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IRS Scams to Be on The Alert For

Last Updated on April 27, 2019

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IRS Scams

The IRS has warned the public to be on the alert for tax scams. IRS scams are most common around the tax filing season. But they can occur at any time of the year.

The IRS has recently released it’s “Dirty Dozen” tax scams 2019 list. Included on the list are identify fraud, phishing scams, and return preparer fraud. The Federal Trade Commission (FTC) has also issued an IRS Scam alert.

What Are the Common Types of IRS and Tax Scams to Watch Out For?

So, what do IRS phone scams sound like? What you should you be on the lookout for? Here’s a rundown of the most common IRS scams that scammers try to pull.

1. Surprise Tax Bill Scam

This is a common telephone IRS scam. Scammers telephone people to tell them that they have an outstanding tax bill that must be paid now.

Often, the scammers will spoof the telephone number. So, it will look the call is coming from the IRS.

The scammers will tell that you will be arrested if you don’t pay the bill. They may follow up the threats with convincing looking emails. They could already have part or all your social security number. The scammers will use information like that to make the scam seem more convincing.

The scammers will tell you to make payment by prepaid debit card or by wire transfer.

The IRS will never contact you by phone to demand money. They always contact you by mail first.

The IRS would never insist that you pay by prepaid edit card or wire transfer. That’s the scammers way of covering their tracks.

2. Tax Refund Scam

The news of an unexpected tax refund is bound to get people excited. That’s what the scammers are banking on. The excitement of knowing that you are about to receive a windfall makes people throw caution to the wind.

What the scammer wants you to do is divulge your bank account details and your social security number. They will tell that that they need that information to can process your refund.

This IRS scam may come in an email. Or it may come at you as a telephone call. The IRS will not contact you like this about a tax refund. They will contact you by mail.

3. Return Preparer Fraud

Most tax preparers do a good job and are honest. Some tax preparers are not.

There are some people who say they are preparers, but they do not have a Tax Identification Number, and they don’t know what they are doing.

There are also people who want to steal your personal information.

For more information on to how to choose a trustworthy tax preparer, check out this post on NerdWallet.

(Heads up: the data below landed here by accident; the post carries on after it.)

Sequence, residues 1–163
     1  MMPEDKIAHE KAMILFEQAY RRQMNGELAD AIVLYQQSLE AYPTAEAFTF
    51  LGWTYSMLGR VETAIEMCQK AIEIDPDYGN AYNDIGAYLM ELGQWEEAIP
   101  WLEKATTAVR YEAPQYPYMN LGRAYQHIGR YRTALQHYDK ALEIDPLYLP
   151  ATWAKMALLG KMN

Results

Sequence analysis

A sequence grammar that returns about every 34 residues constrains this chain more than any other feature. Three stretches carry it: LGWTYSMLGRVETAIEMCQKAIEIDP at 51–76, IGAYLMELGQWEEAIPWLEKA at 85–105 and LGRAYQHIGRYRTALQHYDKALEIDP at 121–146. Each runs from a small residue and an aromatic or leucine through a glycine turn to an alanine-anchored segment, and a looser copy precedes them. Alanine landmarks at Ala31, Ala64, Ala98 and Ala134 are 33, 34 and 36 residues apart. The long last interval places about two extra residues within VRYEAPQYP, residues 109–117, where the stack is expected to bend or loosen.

4. Filing False Tax Returns

This one is a two-phase IRS scam. First, the scammer will get hold of your personal information and your social security number. Then, they will file a false tax return in your name.

The tax return they file in your name will show a low income and lots of deductions to get a tax refund. The tax refund will go to the scammer, not to you.

When you come to file your real tax return, the IRS will reject it. It’s then that you will find out the false return has already been filed.

What Does an IRS Scam Telephone Call Sound Like?

IRS scam calls are often robocalls. The call may tell you that you owe the IRS money. It is also likely to tell you that if you don’t pay you will go to jail or get deported. Scammers often target people from minority communities. The phone calls may be in the persons native language rather than English.

Here’s a video by the FTC about IRS scam telephone calls:

What You Should Do If You Receive an IRS Scam Phone Call?

The important thing to remember is that the IRS will not call you out of the blue to ask for money or information. You will always have received a written request first. The IRS will also never insist that you pay money by a wire transfer or a prepaid credit card.

If you receive a call, a text, or an email from a person claiming to be from the IRS, here’s what you should do:

1. Hang Up

If you receive a suspicious IRS call, hang up. If get an email or text, don’t reply. Contact the IRS directly on the official IRS telephone number.

2. Don’t Send Money

Don’t send any money to a person claiming to be the IRS without checking directly with the IRS first.

The IRS will never insist on any special payment method. They wouldn’t insist that you pay by wire transfer of gift card, for example.

3. Report It

Report the scam straight away to the IRS or the FTC.

The FTC website has a page where you can report scams like this. Or, you can contact the Treasury Inspector General for Tax Administration (TIGTA) here.

4. Tell Everyone You Know About It

Tell friends, family and people in your community about the scam. If people know about IRS imposters, they will be more careful about who they give information or money to.


It’s sad fact of life that scams are becoming more and more prevalent. If it’s not one of the many telephone scams, then it’s one of the wide range online scams that are now on the web.

We hope that by keeping our readers up to date with the latest scam alerts, we can help prevent you becoming a victim. Please do share this post on your social media so that other people can avoid IRS scams too.

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